A list of graphic videos of the worst race car crashes in automotive history. Many of these crashes were fatal. Automobile racing is a dangerous sport, and this list should serve as proof of the bravery (foolhardiness?) race car drivers exhibit out on the track. Thankfully, vehicle safety technology has increased greatly throughout the years and fatalities have become much less common.This list is updated as these horrible accidents occur, including the latest such as Dan Wheldon's fatal crash. If there are any crashes I have missed, please let me know in the comments. Note that this is a list of videos, which is why crashes such as Depailler's death or Francois Cevert's gruesome crash in which he was cut in half have not been included. Drive safe.
Just a warning, this video is especially gruesome. At the 1977 South African Grand Prix, Renzo Zorzi had a problem with his car and pulled off the track. Zorzi's car quickly caught fire, and Zorzi safely jumped out. This is where the carnage began.
Two race marshals decided to sprint across the track with fire extinguishers. The first marshal barely made it, but the second one, a 19-year-old named Frederick Jansen Van Buren, was struck by Tom Pryce who was driving at 170mph. Van Buren was cleaved in half, and his body so horribly dismembered that his boss was only able to identify him by summoning all of the other race marshals and seeing who was missing. But it didn't stop there.The 40-pound fire extinguisher Van Buren had been carrying struck Pryce in the head with such force that Pryce's helmet strap partially decapitated him. The fire extinguisher landed in the parking lot outside of the track, having flown over the grandstand. Pryce was killed instantly. Pryce's car continued to hurtle down the track at almost 170mph, ultimately crashing into the car of driver Jacques Laffite.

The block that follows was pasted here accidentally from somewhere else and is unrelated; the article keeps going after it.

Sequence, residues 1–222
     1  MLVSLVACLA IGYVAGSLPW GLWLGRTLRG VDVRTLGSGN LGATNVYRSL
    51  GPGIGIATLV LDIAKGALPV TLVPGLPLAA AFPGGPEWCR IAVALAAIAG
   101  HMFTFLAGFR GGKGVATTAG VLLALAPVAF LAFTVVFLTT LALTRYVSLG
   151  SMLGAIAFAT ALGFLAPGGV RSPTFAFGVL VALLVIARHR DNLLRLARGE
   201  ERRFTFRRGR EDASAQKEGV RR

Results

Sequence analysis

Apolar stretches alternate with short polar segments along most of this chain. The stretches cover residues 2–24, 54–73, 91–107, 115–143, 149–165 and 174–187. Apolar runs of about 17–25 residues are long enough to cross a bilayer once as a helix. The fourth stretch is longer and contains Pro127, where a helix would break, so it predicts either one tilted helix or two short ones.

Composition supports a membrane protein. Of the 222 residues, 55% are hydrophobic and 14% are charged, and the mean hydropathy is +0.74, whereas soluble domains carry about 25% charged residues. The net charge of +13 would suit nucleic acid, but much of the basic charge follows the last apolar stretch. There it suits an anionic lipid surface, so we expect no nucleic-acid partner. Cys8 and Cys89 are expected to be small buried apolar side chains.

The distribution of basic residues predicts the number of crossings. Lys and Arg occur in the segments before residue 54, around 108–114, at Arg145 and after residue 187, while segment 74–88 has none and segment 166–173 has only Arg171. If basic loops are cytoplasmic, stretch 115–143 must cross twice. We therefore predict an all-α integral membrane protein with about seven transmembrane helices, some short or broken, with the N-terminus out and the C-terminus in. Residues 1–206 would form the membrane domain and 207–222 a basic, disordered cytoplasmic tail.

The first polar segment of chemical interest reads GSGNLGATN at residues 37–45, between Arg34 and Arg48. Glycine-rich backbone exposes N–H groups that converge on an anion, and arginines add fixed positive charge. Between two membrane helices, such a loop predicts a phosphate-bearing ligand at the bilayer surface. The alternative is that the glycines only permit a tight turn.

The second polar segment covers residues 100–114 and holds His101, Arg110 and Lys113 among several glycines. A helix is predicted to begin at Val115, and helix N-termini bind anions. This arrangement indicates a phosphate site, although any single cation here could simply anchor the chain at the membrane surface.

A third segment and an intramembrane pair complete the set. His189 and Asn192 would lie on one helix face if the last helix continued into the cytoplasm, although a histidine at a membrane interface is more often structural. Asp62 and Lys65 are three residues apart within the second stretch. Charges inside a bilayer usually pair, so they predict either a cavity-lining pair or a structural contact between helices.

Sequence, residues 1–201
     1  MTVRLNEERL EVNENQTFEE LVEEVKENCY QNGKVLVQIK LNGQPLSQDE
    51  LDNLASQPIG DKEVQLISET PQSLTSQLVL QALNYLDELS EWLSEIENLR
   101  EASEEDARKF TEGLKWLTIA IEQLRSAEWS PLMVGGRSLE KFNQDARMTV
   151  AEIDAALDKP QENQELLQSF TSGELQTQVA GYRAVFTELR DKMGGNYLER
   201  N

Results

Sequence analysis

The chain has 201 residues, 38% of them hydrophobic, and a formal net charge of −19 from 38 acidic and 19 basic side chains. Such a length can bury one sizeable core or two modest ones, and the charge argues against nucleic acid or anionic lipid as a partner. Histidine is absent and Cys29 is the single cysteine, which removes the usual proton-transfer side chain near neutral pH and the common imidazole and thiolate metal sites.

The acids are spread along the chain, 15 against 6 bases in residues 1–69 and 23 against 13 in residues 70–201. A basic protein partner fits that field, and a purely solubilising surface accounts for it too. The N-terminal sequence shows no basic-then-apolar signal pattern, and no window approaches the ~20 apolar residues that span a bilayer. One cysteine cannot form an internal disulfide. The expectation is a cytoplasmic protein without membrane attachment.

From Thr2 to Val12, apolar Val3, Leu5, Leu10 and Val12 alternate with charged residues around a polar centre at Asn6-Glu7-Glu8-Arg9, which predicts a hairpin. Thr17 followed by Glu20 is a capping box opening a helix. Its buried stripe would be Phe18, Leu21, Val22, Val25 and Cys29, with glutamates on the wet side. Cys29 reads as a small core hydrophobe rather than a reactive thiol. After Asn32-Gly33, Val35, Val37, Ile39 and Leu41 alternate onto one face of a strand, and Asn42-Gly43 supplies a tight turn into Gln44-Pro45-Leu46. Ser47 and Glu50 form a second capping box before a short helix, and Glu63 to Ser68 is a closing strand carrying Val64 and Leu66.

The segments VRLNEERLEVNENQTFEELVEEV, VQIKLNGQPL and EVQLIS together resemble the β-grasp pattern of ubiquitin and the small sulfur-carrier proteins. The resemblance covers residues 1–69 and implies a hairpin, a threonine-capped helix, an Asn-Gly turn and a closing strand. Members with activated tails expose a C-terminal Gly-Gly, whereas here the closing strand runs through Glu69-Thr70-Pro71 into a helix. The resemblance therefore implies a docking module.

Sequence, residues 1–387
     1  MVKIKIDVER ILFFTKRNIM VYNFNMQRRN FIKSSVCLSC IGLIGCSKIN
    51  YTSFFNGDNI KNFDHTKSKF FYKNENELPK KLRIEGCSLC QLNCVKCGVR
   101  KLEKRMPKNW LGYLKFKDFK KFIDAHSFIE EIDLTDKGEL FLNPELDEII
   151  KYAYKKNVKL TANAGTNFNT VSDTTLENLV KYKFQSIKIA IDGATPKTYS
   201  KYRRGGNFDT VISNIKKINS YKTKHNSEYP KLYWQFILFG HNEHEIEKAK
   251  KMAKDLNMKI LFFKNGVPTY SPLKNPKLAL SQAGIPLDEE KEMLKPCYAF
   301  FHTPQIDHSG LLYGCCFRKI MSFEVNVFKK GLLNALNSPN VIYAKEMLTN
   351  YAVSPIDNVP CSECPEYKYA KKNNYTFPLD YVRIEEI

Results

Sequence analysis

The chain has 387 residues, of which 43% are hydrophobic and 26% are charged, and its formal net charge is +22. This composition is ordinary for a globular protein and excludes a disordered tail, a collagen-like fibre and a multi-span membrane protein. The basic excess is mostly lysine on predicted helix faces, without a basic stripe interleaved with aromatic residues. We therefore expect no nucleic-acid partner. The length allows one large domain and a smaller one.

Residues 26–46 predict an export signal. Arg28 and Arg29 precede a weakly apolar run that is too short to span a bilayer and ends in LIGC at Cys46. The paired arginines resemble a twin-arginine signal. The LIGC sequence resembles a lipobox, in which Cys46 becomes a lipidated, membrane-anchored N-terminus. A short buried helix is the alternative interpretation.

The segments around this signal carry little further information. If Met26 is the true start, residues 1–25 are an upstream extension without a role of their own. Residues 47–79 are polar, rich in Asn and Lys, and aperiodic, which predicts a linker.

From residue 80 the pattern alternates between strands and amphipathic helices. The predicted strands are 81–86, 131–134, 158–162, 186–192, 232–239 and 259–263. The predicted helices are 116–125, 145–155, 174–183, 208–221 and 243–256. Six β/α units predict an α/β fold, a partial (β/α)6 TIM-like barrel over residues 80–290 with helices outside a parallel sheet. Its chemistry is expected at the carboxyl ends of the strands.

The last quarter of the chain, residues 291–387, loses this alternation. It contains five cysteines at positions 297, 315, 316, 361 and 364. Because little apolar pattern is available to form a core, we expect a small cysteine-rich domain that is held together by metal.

For me, this is the hardest crash to watch. In Roger Williamson's second Formula One race, a tire failure likely caused his car to flip over and burst into flames. Williamson avoided serious injury, but was now trapped in his car. The inept safety marshals did not know what to do, nor were they equipped with fire proof clothing.Driver David Purley abandoned his car and sprinted across the track to save Williamson. Purley could hear Williamson shouting for him to help. Purley desperately tried to put out the fire and flip Williamson's car back over, begging the marshals to help him. While the marshals did nothing, Purley did his best, but ultimately failed as the other drivers simply drove past. By the time the fire truck arrived, eight minutes later, Williamson had already died from asphyxiation. The whole scene was broadcast on live television.